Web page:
Wednesday, October 23, 2013

2013 October/November IFAPAC

If Insurance is your profession, politics is your business.

Even if you are not involved directly with selling health insurance you cannot escape hearing about and seeing the problems with the debut of Obamacare. It is a perfect demonstration of why government should not be trusted with our health care.

People with common sense and reality-based principles understand that government programs are by definition political. Politicians and bureaucrats are not personally accountable for failure, as in the private sector, so failure is acceptable to them. Thus we get cost overruns, fraud and poor service.

Political consideration number one in the launch of Obamacare was the 2012 presidential election. Defenders of the incumbent did not want voters to know there would be a huge jump in the price of insurance for most people not being subsidized. They didn’t want supporters or critics to know about the rectal exam that would be required by the exchange website. They didn’t want the masses to know about the four, five and up to eight thousand dollar deductibles. They didn’t want people to learn of the limited (skinny) networks that may not include THEIR hospital, doctor or pediatrician. They knew that revealing those details too early would tip voters toward the challenger who promised to stop it.

Federal agencies sat on a pile of major health, environmental, and financial regulations that lobbyists, congressional staffers, and former administration officials later admitted were being held back to avoid providing ammunition to the critics.

The explosion of federal regulations was already crushing our economy and disgusting citizens who care about freedom. So before the election, Nanny did a slow-mo partial shutdown, if you will, throwing every Obamacare deadline years behind schedule. And yet nobody accepts any blame for their actions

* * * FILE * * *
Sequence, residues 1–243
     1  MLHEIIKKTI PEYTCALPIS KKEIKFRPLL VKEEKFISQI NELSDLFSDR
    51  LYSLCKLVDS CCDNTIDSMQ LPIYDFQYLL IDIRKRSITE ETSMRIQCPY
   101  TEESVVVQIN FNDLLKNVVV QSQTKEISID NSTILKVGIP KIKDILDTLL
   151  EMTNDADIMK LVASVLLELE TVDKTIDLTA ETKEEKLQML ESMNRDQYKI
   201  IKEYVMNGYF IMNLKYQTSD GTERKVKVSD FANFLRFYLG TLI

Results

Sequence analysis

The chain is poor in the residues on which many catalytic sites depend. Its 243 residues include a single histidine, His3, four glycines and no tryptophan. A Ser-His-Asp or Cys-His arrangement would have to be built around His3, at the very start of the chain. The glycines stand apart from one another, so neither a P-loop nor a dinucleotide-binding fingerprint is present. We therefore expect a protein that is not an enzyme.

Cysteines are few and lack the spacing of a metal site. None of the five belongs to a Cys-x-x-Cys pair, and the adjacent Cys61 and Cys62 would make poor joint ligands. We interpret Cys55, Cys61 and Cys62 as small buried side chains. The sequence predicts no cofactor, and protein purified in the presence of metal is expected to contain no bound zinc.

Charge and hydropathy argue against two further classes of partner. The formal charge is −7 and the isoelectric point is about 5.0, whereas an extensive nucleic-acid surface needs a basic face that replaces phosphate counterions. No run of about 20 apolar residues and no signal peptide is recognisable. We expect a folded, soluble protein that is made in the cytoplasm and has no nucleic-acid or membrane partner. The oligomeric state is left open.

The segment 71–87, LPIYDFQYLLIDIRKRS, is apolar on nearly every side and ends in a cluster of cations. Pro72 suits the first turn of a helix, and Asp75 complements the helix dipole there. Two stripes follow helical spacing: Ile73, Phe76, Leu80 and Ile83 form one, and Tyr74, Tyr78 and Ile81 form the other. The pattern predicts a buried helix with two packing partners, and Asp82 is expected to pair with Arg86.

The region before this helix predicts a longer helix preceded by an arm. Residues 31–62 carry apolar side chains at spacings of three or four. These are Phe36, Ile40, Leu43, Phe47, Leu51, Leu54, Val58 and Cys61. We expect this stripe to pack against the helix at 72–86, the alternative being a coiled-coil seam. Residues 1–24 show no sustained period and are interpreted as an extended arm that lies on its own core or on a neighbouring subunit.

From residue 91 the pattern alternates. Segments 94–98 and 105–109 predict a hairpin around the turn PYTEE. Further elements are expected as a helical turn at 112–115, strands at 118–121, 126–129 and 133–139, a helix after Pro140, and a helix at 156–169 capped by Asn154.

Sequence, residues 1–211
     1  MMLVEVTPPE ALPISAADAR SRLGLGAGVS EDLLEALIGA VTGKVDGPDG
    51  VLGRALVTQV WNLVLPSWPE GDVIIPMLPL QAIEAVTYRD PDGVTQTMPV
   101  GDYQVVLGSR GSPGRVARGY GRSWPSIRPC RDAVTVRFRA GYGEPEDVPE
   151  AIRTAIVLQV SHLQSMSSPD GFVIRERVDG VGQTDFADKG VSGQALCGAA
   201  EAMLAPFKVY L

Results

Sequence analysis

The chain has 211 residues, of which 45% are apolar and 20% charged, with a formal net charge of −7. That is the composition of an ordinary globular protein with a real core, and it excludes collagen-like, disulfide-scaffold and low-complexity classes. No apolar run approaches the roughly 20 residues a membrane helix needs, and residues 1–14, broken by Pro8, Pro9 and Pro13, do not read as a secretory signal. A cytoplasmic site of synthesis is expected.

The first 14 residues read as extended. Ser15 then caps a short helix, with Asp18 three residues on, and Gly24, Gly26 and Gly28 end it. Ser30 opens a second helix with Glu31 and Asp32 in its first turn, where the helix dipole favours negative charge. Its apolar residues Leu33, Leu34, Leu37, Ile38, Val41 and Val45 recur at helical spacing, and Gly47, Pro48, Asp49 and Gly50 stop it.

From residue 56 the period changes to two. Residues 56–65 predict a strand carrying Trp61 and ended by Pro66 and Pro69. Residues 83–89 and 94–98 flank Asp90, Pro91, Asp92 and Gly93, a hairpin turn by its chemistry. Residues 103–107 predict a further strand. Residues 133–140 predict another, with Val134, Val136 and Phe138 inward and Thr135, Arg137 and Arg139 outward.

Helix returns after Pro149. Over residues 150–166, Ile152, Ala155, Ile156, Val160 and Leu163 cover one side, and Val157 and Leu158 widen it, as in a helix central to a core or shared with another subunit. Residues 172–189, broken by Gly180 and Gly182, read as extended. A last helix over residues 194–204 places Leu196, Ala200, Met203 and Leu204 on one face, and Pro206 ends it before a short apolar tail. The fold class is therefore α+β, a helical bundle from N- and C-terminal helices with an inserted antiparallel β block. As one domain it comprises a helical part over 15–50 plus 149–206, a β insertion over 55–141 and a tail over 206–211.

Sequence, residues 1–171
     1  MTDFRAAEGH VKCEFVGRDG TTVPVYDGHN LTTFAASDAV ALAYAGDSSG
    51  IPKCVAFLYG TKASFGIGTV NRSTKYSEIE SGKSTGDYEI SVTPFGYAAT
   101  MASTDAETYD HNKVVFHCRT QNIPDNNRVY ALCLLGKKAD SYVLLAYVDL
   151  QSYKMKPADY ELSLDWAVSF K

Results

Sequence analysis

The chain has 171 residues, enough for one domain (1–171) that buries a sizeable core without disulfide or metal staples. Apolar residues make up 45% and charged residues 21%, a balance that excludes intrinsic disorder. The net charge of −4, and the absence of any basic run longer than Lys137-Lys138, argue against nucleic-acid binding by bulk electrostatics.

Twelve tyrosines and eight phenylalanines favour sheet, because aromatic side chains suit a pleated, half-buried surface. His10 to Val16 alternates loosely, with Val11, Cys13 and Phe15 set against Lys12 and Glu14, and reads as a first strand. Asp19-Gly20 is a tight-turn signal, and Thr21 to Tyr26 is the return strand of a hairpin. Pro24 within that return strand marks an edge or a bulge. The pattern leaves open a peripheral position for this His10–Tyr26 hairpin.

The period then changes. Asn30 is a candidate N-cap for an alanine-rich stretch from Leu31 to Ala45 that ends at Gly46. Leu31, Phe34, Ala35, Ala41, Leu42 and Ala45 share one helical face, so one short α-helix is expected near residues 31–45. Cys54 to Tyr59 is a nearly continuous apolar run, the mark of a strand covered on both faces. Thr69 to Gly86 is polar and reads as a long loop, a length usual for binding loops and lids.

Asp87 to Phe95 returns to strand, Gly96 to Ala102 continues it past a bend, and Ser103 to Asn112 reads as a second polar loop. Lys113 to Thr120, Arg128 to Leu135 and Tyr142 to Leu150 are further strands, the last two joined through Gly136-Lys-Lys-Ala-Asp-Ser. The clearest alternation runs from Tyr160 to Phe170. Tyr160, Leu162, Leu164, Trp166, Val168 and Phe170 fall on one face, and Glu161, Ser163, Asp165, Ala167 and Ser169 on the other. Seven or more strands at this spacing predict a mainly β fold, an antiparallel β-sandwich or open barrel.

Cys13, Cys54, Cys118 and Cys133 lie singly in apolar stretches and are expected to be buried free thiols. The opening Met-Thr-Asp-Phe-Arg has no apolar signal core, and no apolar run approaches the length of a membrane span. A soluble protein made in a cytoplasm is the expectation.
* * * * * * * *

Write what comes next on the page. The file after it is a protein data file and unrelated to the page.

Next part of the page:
When you are never blamed for failure, failure is acceptable. All that matters is political advantage. The worse your performance, the more important politics becomes.

It is now looking like the system is so broken that only a few thousand people have been able to sign up.  At this rate, it will take 20 years to implement.  Experts are saying it will take many months to fix, way after the deadline for penalties for not signing up.

Another political consideration: Voters would freak out when they logged on and discovered that being affordable was not a real goal of ObamaCare.  Instead, voters would discover that the law had devised a system of redistributing bad luck, and in this case, the bad luck was going to fall on the young, people on Medicare Advantage, people working in small business, union workers, and the middle class.  The good luck was going to fall on a small slice of supporters in a narrow income bracket, plus people in ill health.

While not all will agree with these thoughts (gleaned mostly from an article in American Thinker), it should be painfully obvious to all readers of this newsletter that POLITICS IS YOUR BUSINESS. And the business stinks right now. If change is to happen, we must get involved to make the changes. Nobody is pleased with what is happening to our country, our clients, our families and our freedoms.

What have YOU done to make a difference in your world? Have you been pro-active by uniting with other like-minded professional insurance advisors by contributing to the PAC? If not, why not? Are you letting others carry the water for you? Let me tell you, we need more water bearers! We need every NAIFA member to participate in the strongest political action committee for producers – IFAPAC. We are fortunate to have some of the top lobbyists working in Olympia and in Washington, D.C. Our own Mel Sorensen is fighting for you in our State Capitol to explain your value to the constituents of elected officials. In the real world, campaign contributions help us in seeking redress in congress. Your future is on the table and you are on the menu. Join IFAPAC now. It’s about your business.

Read more:

Richard Ek, LUTCF
State IFAPAC Chairman

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